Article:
This is an original colour drawing of a golfer on a green by prominent and influential manga artist Chiba Tetsuya. He is a specialist of sports manga that relate a young person’s struggle for recognition through dedication to sport.

#japan #manga #golf #art 
Chiba Tetsuya (b. 1939), Fair Isle Lighthouse Keepers Golf Course, Scotland. Ink and colour on paper, 2015. Loaned by the artist. © Chiba Tetsuya. This is the Codex Sinaiticus, the world’s oldest surviving Bible. It’s a star loan from @britishlibrary in our forthcoming #EgyptExhibition and dates back to the 4th century AD. 
Handwritten in Greek, not long after the reign of the Roman emperor Constantine the Great (AD 306–337), it contains the earliest complete manuscript of the New Testament. 
The codex will be displayed alongside two other founding texts of the Hebrew and Muslim faiths: the First Gaster Bible, also being loaned by @britishlibrary, and a copy of the Qur’an from @bodleianlibs in Oxford. These important texts show the transition of Egypt from a world of many gods to a majority Christian and then majority Muslim society, with Jewish communities periodically thriving throughout.  #Egypt #history #bible #faith #onthisday in 31 BC: Cleopatra and Mark Antony were defeated by Octavian at the Battle of Actium. After the death of Cleopatra, Egypt was brought into the Roman Empire and the ancient Egyptian gods, such as the falcon god Horus shown here, were reimagined in Roman dress to establish the new authority. 
Discover how Egypt’s religious and political landscape was transformed over 12 centuries in our #EgyptExhibition, opening 29 October 2015.

#history #ancientEgypt #Cleopatra #RomanEmpire New exhibition announced: ‘Egypt: faith after the pharaohs’ opens 29 October 2015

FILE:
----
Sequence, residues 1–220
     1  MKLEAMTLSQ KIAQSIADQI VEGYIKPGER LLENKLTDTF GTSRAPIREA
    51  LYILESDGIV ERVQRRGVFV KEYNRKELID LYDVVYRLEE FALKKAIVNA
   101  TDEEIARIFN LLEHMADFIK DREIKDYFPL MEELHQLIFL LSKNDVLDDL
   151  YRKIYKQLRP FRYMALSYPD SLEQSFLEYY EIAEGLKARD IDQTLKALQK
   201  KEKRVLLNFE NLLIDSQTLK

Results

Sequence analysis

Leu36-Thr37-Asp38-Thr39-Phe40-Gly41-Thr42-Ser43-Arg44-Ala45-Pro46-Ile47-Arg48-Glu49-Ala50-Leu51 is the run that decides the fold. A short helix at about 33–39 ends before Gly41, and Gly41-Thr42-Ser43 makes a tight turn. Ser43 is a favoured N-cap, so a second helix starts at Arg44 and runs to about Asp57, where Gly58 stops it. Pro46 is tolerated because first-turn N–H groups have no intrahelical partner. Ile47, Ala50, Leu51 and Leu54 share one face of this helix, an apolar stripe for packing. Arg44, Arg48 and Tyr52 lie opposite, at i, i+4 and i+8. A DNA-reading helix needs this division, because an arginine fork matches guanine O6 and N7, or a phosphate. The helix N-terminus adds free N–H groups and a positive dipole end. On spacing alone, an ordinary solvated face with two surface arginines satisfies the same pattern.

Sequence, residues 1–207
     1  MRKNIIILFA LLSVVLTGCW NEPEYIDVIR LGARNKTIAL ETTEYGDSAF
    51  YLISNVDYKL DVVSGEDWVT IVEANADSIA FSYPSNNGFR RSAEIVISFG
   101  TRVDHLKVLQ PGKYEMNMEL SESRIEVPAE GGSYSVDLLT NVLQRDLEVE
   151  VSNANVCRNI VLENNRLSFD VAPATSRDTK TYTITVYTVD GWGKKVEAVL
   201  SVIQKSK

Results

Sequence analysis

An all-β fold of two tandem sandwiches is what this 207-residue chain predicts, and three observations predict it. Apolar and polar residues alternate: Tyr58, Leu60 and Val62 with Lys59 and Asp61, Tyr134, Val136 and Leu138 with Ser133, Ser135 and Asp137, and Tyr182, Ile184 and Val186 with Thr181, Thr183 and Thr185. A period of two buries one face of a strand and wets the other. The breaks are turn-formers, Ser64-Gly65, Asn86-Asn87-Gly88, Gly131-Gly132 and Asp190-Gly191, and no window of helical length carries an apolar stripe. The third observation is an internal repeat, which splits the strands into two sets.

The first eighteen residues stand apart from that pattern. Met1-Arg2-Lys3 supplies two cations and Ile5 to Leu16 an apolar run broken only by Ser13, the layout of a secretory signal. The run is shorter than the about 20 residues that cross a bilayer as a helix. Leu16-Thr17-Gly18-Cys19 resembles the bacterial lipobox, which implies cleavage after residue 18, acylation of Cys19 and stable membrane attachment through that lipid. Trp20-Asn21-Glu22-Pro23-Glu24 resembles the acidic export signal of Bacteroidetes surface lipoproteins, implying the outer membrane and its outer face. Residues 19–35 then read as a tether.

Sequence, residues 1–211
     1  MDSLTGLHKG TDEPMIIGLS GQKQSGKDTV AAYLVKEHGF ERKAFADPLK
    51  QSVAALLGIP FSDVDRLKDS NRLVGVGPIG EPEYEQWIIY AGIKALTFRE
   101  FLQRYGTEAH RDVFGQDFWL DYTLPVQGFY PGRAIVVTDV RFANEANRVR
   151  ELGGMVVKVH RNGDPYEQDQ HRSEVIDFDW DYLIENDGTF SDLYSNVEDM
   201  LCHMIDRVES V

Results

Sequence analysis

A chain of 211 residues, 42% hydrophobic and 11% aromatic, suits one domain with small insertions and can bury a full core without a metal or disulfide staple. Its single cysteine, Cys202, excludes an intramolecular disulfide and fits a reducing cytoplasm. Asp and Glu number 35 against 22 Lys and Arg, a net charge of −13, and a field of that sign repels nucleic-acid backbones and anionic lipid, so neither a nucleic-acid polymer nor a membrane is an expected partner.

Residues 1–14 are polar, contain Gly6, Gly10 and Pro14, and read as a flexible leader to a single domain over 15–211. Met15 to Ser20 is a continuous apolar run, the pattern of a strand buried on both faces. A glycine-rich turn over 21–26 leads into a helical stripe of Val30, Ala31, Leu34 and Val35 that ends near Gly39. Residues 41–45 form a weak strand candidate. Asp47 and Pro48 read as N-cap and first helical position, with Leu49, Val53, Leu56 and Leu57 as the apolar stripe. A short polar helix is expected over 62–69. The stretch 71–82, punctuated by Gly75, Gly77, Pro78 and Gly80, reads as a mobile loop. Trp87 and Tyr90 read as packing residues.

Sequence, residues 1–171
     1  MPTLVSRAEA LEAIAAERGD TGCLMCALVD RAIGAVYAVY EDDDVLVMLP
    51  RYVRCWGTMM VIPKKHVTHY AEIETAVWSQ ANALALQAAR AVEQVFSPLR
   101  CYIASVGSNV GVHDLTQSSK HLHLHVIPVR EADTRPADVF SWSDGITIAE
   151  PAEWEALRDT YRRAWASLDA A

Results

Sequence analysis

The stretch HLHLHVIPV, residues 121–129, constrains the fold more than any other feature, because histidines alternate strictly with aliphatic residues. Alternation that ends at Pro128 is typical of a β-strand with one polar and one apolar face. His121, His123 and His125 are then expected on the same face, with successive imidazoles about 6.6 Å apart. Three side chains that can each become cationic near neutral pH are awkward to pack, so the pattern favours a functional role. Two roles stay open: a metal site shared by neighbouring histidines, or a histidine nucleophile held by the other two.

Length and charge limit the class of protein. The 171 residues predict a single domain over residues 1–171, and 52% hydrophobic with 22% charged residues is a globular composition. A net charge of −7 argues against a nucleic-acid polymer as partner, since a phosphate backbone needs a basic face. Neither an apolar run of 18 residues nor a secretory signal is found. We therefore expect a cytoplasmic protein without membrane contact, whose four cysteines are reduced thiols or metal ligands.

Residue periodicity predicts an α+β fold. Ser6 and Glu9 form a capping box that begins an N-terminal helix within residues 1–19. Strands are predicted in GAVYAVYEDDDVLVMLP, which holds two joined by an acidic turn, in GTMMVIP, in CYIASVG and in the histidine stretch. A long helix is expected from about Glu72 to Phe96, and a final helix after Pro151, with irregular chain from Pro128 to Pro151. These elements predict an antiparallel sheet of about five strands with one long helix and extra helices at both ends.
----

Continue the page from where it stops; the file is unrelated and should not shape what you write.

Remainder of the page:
Discover Egypt’s journey over 1,200 years, as Jews, Christians and Muslims transformed an ancient land. From 30 BC to AD 1171, #EgyptExhibition charts the change from a world of many gods to the worship of one God.

Tickets now on sale at britishmuseum.org/egypt

#egypt #history #faith For our final #MuseumInstaSwap post we’re highlighting the 'Make Do and Mend' campaign of the Second World War, as told by our partner @ImperialWarMuseums in their #FashionontheRation exhibition.

The campaign was launched to encourage people to make their existing supplies of clothes last longer. Posters and leaflets were circulated with advice on subjects including how to prevent moth damage to woollens, how to make shoes last longer or how to care for different fabrics. As the war went on, buying new was severely restricted by coupon limits and no longer an option for many people. The ability to repair, renovate and make one's own clothes became increasingly important. Although shoppers would have to hand over coupons for dressmaking fabric as well as readymade clothes, making clothes was often cheaper and saved coupons. ‘Make Do and Mend’ classes took place around the country, teaching skills such as pattern cutting. Dress makers and home sewers often had to be experimental in their choice of fabrics. Despite disliking much of the official rhetoric to Make Do and Mend, many people demonstrated great creativity and adaptability in dealing with rationing. Individual style flourished. Shortages necessitated imaginative use of materials, recycling and renovating of old clothes and innovative use of home-made accessories, which could alter or smarten up an outfit. Many women used furnishing fabrics for dressmaking until these too were rationed. Blackout material, which did not need points, was also sometimes used. Parachute silk was highly prized for underwear, nightclothes and wedding dresses.

We've really enjoyed working with and learning from our friends at @imperialwarmuseums this week. You can catch up on all our posts and discover many more stories from London’s museums with #MuseumInstaSwap. © IWM (Art.IWM PST 4773
Follow

Get every new post delivered to your Inbox.

Join 14,399 other followers

%d bloggers like this: